Timid left-wingers should be full of regrets over 2008

Capitalism’s near-death experience with the banking crisis was a golden opportunity for progressives — but they blew it

By Larry Elliott  /  The Guardian

Tue, Sep 04, 2018 - Page 9

Placards are being prepared. Photo ops are being organized. A list of demands is being drawn up by a coalition of pressure groups, unions and non-governmental organizations. Yes, preparations are well under way for protests to mark this month’s 10th anniversary of the collapse of Lehman Brothers.

Make no mistake, that events will take place in all the world’s financial centers is no cause for celebration. On the contrary, it is a sign of failure. The banks were never broken up. Plans for a financial transactions tax are gathering dust. Politicians toyed with the idea of a green new deal and then promptly forgot about it.

There never was a huge swing of the pendulum away from the prevailing orthodoxy, just a brief nudge that was quickly reversed. The brutal fact is that the left had its chance, and it blew it.

September 2008 was a near-death experience for global capitalism. At one point, there were fears for the entire Western banking system.

In the winter of 2008-2009, there was a naive assumption on the left that the shock of Lehman Brothers was so profound that change would inevitably occur.

If the oil shocks of the 1970s had been the catalyst for the seizure of control by a right-wing political agenda, then the subprime mortgage crisis would do the same for the left.

However, it was not quite that simple, because those who had done well in the decades that followed the revolution of former British prime minister Margaret Thatcher and former US president Ronald Reagan used all their power, influence, financial clout and cunning to resist change. A few tactical retreats were made to safeguard the status quo.

The contrast between former US presidents Franklin D. Roosevelt and Barack Obama is telling. Both men arrived in the White House in desperate times. Both had a mandate for change.

Roosevelt thought that reform was necessary to save capitalism from itself. It was this intellectual framework that resulted in the Glass-Steagall Act, which separated banks’ investment and retail operations, instituted public works schemes for the unemployed and established laws to make it easier for trade unions to organize.

Obama, like most of center-left politicians of 10 years ago, was a technocrat who broadly accepted the status quo and never seriously contemplated taking on finance.

Wall Street detested Roosevelt. It found Obama much more amenable.

The process of challenging business-as-usual lacked a unifying analysis of what had caused the crisis — Obama deserves a bit of sympathy. Every radical period requires a philosopher king to help to provide a political framework for action.

For the first generation of free-market liberals, the gurus were Adam Smith and David Ricardo. For Russian revolutionary Vladimir Lenin, it was Karl Marx. In the 1930s, it was John Maynard Keynes. In the 1970s, it was Milton Friedman and Friedrich Hayek. Ten years ago, there was no one.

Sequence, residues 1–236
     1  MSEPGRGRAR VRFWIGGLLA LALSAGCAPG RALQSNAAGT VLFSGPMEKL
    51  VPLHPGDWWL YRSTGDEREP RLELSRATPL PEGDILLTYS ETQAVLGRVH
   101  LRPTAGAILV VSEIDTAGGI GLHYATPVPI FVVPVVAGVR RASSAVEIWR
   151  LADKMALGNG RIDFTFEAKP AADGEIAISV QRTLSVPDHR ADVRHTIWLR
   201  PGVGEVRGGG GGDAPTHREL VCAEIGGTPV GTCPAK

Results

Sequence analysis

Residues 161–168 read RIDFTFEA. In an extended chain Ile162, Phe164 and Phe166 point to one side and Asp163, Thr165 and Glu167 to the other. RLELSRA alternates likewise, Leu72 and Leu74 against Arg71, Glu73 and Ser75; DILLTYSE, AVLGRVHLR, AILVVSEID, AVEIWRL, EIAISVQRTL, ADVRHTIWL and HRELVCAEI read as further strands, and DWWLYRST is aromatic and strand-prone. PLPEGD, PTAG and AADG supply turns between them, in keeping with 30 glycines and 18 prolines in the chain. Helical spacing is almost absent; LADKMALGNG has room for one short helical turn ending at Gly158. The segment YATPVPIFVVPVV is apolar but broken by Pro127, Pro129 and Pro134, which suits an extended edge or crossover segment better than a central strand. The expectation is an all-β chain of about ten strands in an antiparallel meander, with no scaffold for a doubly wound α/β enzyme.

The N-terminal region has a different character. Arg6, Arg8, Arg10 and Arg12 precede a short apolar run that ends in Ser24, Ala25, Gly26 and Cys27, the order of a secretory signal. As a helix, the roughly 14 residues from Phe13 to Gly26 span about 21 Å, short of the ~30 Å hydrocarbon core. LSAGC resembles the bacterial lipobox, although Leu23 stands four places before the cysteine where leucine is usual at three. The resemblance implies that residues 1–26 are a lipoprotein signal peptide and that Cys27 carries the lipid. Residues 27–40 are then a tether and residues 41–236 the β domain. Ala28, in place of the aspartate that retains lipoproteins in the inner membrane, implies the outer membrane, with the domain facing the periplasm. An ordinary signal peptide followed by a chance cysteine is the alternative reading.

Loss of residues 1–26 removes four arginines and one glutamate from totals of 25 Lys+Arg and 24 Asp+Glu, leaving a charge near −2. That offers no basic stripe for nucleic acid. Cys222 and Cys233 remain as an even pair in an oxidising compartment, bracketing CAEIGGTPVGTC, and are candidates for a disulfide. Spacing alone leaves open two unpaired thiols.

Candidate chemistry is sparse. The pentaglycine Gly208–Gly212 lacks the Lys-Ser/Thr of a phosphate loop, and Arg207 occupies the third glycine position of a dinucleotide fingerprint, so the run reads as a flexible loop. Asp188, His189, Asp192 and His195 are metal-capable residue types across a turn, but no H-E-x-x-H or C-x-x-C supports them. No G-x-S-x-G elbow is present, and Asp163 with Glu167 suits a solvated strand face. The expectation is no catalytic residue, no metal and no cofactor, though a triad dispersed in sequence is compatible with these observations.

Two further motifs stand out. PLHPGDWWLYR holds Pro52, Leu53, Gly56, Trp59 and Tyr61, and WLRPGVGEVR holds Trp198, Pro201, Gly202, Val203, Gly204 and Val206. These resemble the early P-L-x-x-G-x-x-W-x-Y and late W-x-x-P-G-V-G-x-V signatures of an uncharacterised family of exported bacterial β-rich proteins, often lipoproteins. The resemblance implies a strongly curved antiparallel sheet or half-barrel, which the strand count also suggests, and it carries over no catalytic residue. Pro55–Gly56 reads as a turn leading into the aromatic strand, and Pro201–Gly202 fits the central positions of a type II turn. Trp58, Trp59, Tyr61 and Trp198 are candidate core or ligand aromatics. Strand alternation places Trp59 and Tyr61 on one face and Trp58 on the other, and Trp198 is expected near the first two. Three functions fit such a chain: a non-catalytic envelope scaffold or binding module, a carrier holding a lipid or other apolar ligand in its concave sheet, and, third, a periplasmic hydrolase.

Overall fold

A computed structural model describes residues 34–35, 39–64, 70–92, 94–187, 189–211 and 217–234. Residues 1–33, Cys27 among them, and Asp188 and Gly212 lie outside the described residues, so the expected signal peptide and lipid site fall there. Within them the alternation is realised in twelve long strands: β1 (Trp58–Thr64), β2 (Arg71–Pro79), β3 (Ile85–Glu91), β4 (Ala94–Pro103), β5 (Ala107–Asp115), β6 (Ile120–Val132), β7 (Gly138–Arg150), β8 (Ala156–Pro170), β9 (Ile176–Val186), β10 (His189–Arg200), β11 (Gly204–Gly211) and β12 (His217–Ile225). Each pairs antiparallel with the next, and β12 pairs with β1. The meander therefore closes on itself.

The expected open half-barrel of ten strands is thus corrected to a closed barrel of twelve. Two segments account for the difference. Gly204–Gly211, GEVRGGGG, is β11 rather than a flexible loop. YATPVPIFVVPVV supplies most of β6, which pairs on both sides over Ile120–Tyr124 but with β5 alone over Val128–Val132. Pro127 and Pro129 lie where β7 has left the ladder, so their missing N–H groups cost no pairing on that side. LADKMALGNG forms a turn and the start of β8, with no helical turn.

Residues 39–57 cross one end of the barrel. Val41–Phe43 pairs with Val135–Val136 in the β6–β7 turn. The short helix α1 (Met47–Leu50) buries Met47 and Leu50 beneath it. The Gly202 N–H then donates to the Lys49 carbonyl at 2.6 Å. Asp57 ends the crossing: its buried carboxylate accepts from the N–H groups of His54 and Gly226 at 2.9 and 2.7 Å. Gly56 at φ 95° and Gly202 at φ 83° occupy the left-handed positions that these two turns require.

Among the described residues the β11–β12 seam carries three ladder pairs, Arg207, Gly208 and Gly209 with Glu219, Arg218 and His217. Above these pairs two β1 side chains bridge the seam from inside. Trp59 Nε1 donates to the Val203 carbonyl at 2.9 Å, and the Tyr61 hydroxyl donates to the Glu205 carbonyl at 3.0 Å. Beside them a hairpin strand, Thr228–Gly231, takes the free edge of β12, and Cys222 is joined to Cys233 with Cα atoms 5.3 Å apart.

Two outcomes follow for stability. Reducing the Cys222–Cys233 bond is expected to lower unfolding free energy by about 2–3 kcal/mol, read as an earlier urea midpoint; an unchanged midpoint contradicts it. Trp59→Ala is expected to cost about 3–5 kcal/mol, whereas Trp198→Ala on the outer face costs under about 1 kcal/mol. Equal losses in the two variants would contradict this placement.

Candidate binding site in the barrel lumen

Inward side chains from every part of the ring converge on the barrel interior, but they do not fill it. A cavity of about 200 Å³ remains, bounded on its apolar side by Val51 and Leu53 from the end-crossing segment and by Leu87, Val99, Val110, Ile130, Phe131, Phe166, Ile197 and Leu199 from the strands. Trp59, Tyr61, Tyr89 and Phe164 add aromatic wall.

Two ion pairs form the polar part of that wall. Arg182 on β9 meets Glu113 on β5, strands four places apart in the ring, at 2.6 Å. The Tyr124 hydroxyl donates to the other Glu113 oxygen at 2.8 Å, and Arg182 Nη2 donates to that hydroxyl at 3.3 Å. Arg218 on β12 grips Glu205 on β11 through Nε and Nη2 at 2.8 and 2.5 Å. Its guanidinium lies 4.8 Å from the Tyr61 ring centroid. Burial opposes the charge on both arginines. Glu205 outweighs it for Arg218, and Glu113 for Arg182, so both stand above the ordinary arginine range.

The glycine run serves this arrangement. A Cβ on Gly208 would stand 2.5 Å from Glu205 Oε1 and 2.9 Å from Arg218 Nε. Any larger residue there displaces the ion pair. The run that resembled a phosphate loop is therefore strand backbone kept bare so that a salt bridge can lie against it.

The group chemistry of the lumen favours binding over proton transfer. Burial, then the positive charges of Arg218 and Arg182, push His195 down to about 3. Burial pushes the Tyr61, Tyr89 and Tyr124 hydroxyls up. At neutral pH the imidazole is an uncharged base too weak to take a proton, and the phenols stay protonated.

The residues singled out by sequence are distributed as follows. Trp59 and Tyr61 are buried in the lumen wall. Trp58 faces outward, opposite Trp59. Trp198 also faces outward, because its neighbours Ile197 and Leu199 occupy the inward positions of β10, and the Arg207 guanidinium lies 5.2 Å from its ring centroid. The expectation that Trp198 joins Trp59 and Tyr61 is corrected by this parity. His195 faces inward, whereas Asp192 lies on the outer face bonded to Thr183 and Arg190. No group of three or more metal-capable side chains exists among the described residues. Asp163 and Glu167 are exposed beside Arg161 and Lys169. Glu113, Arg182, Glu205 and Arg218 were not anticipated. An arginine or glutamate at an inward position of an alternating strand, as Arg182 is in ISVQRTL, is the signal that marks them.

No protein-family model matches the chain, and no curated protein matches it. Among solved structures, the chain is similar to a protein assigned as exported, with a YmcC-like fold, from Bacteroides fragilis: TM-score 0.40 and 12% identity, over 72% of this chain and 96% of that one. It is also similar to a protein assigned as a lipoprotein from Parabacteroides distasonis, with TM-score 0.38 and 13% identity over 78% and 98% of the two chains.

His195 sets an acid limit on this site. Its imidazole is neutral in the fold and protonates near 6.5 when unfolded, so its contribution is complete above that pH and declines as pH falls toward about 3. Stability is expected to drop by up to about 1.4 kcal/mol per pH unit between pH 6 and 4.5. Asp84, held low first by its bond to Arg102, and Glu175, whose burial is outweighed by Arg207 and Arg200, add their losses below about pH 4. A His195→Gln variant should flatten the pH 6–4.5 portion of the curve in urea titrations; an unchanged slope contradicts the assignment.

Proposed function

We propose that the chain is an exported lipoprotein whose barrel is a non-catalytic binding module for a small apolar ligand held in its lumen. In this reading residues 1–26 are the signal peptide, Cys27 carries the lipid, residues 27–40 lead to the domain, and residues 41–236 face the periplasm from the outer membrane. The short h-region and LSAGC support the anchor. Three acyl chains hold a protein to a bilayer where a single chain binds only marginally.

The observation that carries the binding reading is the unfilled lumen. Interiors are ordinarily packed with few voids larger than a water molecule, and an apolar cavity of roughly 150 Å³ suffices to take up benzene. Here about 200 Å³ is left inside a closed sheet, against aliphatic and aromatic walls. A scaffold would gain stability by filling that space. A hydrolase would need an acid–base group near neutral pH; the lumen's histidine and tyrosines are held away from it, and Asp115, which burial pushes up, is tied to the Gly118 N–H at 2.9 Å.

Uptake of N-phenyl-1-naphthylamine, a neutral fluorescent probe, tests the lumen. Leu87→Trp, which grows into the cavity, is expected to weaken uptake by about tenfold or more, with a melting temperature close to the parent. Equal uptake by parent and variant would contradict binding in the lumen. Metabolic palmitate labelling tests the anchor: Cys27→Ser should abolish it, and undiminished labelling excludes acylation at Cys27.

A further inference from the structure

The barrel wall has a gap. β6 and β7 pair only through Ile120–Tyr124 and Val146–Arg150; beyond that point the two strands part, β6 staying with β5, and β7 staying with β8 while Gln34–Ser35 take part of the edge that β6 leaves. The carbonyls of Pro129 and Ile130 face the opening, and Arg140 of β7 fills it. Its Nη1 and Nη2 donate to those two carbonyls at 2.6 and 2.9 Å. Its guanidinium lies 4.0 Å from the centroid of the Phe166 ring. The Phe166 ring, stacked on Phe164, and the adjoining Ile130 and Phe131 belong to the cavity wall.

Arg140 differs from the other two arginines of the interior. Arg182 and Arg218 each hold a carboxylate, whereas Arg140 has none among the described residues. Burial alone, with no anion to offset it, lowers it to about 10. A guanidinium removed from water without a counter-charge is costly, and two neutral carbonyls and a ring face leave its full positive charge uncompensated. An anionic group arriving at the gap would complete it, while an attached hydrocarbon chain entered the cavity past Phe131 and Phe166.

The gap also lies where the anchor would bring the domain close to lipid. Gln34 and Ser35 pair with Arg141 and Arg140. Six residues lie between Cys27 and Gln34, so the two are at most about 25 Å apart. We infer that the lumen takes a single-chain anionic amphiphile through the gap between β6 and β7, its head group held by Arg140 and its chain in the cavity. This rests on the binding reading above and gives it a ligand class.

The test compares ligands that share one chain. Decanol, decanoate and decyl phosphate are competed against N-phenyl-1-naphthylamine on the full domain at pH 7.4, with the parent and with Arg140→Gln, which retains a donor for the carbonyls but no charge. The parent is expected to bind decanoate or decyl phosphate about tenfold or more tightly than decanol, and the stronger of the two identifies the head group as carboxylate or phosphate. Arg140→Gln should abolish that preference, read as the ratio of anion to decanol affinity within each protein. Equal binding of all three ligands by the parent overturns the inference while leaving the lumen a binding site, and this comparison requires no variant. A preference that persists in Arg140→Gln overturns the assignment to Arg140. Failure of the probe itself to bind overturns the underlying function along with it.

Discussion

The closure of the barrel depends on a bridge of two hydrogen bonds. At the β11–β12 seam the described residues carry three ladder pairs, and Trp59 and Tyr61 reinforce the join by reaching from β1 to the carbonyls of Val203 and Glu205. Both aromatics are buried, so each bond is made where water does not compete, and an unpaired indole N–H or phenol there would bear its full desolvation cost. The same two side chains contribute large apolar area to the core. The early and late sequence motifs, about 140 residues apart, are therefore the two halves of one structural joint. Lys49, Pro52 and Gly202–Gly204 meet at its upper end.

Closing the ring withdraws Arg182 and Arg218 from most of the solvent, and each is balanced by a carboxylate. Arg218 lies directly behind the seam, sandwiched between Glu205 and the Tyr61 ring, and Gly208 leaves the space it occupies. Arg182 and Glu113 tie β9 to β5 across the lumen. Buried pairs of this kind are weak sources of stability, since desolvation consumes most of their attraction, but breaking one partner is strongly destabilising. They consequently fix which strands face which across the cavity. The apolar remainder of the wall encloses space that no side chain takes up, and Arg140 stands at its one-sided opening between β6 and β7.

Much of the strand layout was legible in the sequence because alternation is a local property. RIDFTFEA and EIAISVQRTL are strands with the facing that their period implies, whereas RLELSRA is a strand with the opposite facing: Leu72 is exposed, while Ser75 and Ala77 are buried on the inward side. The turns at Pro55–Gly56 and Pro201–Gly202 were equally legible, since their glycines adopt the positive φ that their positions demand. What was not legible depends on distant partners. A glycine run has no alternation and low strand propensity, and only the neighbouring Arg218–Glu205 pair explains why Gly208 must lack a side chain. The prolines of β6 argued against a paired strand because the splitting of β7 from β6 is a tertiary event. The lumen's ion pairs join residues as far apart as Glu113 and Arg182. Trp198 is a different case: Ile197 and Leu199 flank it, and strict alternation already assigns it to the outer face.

There was a green narrative, a Keynesian narrative and a Marxist narrative, all of which had merit and all of which had their adherents, but the upshot was that progressives all headed off in their own directions. That left the door open for a narrative that few would have expected to emerge triumphant in September 2008: That the crisis had been caused by the government spending too much.

There are plenty of lessons that need to be learned. One is that progressives have to win the battle of ideas, and that means taking back control of how economics is taught. Some steps have been taken to address this issue since the financial crisis, with billionaire investor George Soros bankrolling the Institute for New Economic Thinking, a forum for heterodox thinking.

However, even though the collapse of 2008 was the result of failed economics, those responsible for the duff theories remain well dug-in on university campuses. Progress has been slow.

A progressive political agenda starts at the top, with an over-arching critique, and works its way down to specific policies.

That was what worked in the 1940s, when the postwar consensus was built on a simple concept: never again. Control of the commanding heights of the economy and demand management flowed from that.

Progressives have to be clear about what they want. The left remains divided between three groups: Those who think — as former US president Bill Clinton and former British prime minister Tony Blair did — that the only choice was to work with the grain of global capitalism, those who think — as Roosevelt did — that a more root-and-branch approach is needed and those who think capitalism is so rotten that it is beyond saving.

“There was a very short period when the powers that be were on the back foot,” said David Hillman, director of Stamp Out Poverty and organizer of one of next month’s protests. “Progressive forces were not able to take advantage. Nothing substantial has changed and we are sleep-walking into another crisis.”

That just about sums things up. Progressives do not really deserve a second chance, but they might be presented with one all the same. The question is whether they will be better prepared to take it this time.